Today, the carbon impact of the digital sector represents nearly 4% of global emissions, more than the world’s air travel industry. In this context, reducing data center emissions is becoming a critical issue. There are 7.2 million data centers globally, according to the German statistics office, with the majority (2,670) located in the U.S. Data centers and data transmission networks are responsible for 1% of all energy-related GHG emissions. Currently, the way websites are built and operated is extremely polluting, and this issue continues to grow inexorably.
The first solution is to improve and optimize the code of existing websites and applications to reduce their energy consumption and ultimately use fewer servers. To achieve this, many performance management and optimization tools have been developed in recent years. Various platforms are available for the latest technologies and languages, and many developers have mastered these current languages and can competently contribute to this effort.
However, one major problem remains: many websites and applications are based on outdated systems, such as Java2e, and languages. Updating applications using the latest version of the same language will boost performance significantly. In the case of Ruby 3.2, application performance may increase by up to 40%.
Legacy Sites: A Headache for IT Teams
So-called “legacy” websites represent the majority of existing websites. Because they’re based on old computer languages or frameworks, it makes these websites very difficult to maintain, evolve, and even more difficult to optimize!
For this type of application, a replacement using a new language is not always easy, if not impossible. Without taking these legacy websites and applications into account, reducing the environmental impact of the cloud would not be possible in practice. Before looking ahead, it is therefore critical to first look at the existing websites and applications, which are often much more energy intensive.
To effectively reduce the environmental impact of legacy websites, it’s imperative to reduce the amount of energy used. For example, deploying these legacy websites or applications on the latest generation of PaaS (Platform as a Service) makes it possible to significantly reduce the consumption of resources required for a single application. Comparisons show that some hosting platforms can achieve optimization factors of 12x.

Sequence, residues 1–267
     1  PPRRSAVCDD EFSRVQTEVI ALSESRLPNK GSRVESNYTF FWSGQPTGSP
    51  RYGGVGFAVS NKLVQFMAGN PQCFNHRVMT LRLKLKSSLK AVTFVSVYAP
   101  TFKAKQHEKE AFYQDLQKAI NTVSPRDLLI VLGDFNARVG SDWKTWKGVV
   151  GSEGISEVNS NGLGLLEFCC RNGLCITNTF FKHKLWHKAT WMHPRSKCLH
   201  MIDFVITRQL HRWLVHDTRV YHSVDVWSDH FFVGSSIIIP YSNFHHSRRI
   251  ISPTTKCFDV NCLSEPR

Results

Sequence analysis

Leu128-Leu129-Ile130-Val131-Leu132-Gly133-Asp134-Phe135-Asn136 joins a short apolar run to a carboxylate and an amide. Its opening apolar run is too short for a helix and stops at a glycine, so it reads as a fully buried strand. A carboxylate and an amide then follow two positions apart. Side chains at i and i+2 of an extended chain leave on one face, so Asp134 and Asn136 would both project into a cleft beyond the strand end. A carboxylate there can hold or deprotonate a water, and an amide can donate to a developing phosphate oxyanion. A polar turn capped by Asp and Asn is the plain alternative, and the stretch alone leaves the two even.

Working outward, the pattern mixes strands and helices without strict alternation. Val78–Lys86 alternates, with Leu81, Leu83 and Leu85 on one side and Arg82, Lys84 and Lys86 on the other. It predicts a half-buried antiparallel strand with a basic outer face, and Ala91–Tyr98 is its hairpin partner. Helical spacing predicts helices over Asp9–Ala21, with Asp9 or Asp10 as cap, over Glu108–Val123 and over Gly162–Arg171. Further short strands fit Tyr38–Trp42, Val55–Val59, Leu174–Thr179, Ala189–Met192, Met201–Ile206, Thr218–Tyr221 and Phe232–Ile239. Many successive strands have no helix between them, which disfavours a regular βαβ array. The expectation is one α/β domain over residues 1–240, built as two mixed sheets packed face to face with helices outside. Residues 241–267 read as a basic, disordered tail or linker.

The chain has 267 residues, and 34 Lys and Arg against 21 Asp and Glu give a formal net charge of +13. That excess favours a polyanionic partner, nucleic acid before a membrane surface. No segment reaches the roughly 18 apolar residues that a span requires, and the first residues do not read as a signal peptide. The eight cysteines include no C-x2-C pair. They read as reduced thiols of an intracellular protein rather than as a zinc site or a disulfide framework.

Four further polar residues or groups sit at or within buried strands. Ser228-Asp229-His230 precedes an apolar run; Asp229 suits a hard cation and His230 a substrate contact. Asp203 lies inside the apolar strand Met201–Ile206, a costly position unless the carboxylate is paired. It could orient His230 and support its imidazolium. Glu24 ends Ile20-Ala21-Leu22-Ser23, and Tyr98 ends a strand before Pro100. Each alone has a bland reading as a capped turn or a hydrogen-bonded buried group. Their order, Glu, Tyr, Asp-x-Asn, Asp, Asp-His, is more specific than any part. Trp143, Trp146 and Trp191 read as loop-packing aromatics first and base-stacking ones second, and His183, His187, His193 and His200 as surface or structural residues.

Strategies for ‘Greener’ Websites
PaaS hosting platforms can achieve this by optimizing resource allocations (CPU, RAM) in several ways. Firstly, they reduce the resources allocated (CPU, RAM) to each application without impacting the company’s website’s availability guarantees. This can be attained with dynamic and intelligent orchestration of resources, which allows the density of containers (closed virtualization environments) on a single machine to be increased very significantly, and, therefore to use far fewer machines for a single application.
Alternatively, IT and development teams can run the workload on more energy-efficient machines and choose suppliers and data centers in regions that offer countries that offer a better environmental impact. For example, France produces energy with nuclear power (nearly 80% of its electricity production), which is much lower in carbon emissions than what’s produced by its European neighbors. Similarly, in North America the Ca-1 grid, located in Montreal, runs on 100% renewable (hydropower) energy. It’s also possible to move the code closer to the user – at the edge – to reduce network usage and decrease bandwidth consumption.
Finally, some platforms go a step further and provide complete and transparent reports on the carbon emissions of each application to help organizations, local authorities and businesses make the best decisions.
The energy crisis, rising inflation and the impact of climate change have all accelerated our awareness of the urgency to act on all possible levels. On the other hand, the need for development teams to reduce infrastructure costs requires reducing the resources needed to run existing sites, which is possible by using platforms that support the hosting of all types of applications, both modern and legacy. This is one of the clear options for reducing the environmental impact of the cloud in the coming years and one that deserves the full attention of development teams.